Since the closure of top Spanish restaurant elBulli, celebrity chefs Albert and Ferran Adrià have ploughed their investments and expertise into a handful of new venues in the Paral.lel area of Barcelona. Their first city centre venture was tapas restaurant Tickets, and they've since opened Peruvian-Japanese Pakta, traditional taberna Bodega 500, fancy Mexican Hoja Santa and its more wallet-friendly neighbour, Niño Viejo. Cynics think this could be a collaboration with developers to add appeal to this area of Barcelona, but whatever the case, you can't deny these restaurants are bringing punters to this corner of the city.

My only previous experience of a 'celebrity' chef's restaurant was dining at Jamie's Italian in Oxford (hey, it was the first branch of Mr Oliver's chain), so I was understandably excited to try the Adrià brothers' dishes. Although I booked several weeks in advance, I could only snag a table for the earliest dinner slot, the guiri-friendly 8pm sitting. Niño Viejo is a pocket-sized place on a pedestrianised part of Avinguda de Mistral, accessed through pricier Hoja Santa. Taquerias traditionally serve tacos (hence the name), and as such are more informal than some Mexican restaurants: with it's neon 'Taqueria' sign, wipe-clean floral tablecloths and fun-but-simple decor, Niño Viejo is no exception.

Diners are presented with a short menu on a sheet of paper; choices are indicated by writing an amount in a box with the pencil proffered by the waiter. Our waiter for the evening was Italian, and what he lacked in Spanish skills he made up for in enthusiasm, offering to choose for us. When that failed, he made recommendations and attempted to explain the rather brief descriptions of dishes. The other waiting staff seemed a little less eccentric and a little more comprehensible, let's put it that way. With some guidance, we selected a number of dishes: everything but the tacos, quesadillas and tostadas (which make up a surprisingly small section of the menu) are apparently sized to share.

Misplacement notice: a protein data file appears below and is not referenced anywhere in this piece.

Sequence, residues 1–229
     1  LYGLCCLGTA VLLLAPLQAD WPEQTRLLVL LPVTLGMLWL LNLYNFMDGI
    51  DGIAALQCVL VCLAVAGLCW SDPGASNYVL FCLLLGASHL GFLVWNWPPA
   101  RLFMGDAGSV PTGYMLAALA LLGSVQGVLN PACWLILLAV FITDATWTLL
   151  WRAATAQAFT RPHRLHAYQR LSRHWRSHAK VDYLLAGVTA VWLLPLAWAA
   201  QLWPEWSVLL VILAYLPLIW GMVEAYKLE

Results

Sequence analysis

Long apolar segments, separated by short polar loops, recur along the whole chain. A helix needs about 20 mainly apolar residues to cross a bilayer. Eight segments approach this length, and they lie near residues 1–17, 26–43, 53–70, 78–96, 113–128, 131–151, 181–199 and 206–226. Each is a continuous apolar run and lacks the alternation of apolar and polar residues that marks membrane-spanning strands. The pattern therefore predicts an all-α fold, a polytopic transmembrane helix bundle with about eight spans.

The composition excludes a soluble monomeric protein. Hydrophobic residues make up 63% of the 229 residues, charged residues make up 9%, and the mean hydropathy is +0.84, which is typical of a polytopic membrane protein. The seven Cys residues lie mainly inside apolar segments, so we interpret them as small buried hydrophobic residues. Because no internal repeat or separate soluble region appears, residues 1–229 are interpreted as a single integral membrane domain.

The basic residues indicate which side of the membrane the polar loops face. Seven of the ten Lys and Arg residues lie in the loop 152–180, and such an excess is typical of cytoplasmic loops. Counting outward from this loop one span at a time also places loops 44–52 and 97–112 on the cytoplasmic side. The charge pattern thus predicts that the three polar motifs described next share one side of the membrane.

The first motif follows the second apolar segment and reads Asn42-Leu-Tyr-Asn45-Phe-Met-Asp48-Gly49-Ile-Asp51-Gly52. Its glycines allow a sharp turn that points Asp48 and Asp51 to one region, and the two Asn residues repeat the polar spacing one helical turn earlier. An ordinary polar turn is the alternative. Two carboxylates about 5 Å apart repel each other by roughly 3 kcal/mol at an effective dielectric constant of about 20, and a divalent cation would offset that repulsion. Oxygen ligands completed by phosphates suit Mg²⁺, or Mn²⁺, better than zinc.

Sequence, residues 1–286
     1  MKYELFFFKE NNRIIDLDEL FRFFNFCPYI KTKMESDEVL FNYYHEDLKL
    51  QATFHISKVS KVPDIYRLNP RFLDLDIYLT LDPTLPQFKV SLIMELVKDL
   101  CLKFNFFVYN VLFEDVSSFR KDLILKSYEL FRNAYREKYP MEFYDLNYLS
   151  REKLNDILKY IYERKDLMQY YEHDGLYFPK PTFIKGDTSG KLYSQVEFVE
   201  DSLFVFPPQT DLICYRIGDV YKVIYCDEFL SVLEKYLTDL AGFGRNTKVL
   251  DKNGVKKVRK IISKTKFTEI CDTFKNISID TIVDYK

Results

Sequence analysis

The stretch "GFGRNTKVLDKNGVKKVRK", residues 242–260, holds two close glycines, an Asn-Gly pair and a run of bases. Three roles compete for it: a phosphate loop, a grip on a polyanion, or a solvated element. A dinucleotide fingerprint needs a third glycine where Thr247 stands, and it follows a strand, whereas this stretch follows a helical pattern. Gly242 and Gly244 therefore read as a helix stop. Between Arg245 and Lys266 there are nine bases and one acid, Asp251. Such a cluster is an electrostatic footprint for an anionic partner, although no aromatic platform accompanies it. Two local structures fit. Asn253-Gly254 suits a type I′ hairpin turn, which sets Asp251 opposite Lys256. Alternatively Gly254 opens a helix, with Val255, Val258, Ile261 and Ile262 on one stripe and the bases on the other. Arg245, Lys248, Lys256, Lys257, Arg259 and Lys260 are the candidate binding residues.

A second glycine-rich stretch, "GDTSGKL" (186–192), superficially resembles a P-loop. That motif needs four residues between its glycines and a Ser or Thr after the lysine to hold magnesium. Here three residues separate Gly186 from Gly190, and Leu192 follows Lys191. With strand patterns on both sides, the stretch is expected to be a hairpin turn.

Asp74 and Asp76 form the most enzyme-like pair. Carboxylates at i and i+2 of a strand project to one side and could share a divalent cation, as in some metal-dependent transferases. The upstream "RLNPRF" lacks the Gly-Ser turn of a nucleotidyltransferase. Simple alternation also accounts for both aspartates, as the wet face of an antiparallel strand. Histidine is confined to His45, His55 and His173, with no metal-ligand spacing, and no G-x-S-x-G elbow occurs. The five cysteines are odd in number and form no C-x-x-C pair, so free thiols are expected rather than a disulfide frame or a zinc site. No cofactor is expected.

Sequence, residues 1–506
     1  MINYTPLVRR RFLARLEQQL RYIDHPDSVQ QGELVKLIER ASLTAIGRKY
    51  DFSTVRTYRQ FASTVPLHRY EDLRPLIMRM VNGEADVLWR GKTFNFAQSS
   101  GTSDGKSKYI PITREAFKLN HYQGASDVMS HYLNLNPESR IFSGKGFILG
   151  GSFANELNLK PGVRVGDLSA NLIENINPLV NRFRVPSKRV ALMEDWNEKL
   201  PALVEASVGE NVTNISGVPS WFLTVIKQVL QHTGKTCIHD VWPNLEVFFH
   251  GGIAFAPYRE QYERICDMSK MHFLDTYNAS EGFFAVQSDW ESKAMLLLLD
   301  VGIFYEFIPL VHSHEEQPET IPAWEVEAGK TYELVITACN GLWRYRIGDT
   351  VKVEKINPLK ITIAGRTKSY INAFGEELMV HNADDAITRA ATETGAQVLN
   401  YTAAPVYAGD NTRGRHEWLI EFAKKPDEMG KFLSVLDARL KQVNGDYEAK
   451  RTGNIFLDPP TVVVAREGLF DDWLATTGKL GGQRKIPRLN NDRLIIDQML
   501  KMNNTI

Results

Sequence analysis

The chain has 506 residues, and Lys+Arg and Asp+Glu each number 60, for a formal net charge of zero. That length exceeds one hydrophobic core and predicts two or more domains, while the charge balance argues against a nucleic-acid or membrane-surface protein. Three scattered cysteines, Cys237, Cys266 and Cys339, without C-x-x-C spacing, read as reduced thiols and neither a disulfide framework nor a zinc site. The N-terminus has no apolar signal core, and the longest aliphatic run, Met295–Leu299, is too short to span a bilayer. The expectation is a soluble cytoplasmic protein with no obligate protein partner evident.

Linguistic difficulties seemingly out of the way, we sipped our drinks while we waited for our first dishes to arrive. J took one mouthful of his michelada, which had been described as a strong house beer, and pulled a face the Adrià brothers presumably don't often inspire: disgust. With spices garnishing the rim of the glass, the 'beer'  tasted like liquid curry and was soon rejected for a soft drink. Post-Micheladagate research shows that the michelada is actually a beer-based cocktail which is usually made with tomato juice, hot sauce and lime. No mention of curry powder, though.

Guacamole. Is that pestle necessary?